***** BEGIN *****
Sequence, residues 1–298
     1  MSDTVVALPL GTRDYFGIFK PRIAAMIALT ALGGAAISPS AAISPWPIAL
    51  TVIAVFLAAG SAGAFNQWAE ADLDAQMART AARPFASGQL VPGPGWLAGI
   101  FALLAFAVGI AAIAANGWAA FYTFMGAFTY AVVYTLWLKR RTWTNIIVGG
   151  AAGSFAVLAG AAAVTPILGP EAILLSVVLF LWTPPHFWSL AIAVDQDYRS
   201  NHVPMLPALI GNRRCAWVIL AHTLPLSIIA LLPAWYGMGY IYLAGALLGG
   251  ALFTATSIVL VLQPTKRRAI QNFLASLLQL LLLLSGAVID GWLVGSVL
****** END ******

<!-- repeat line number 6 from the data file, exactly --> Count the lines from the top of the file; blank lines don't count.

   201  NHVPMLPALI GNRRCAWVIL AHTLPLSIIA LLPAWYGMGY IYLAGALLGG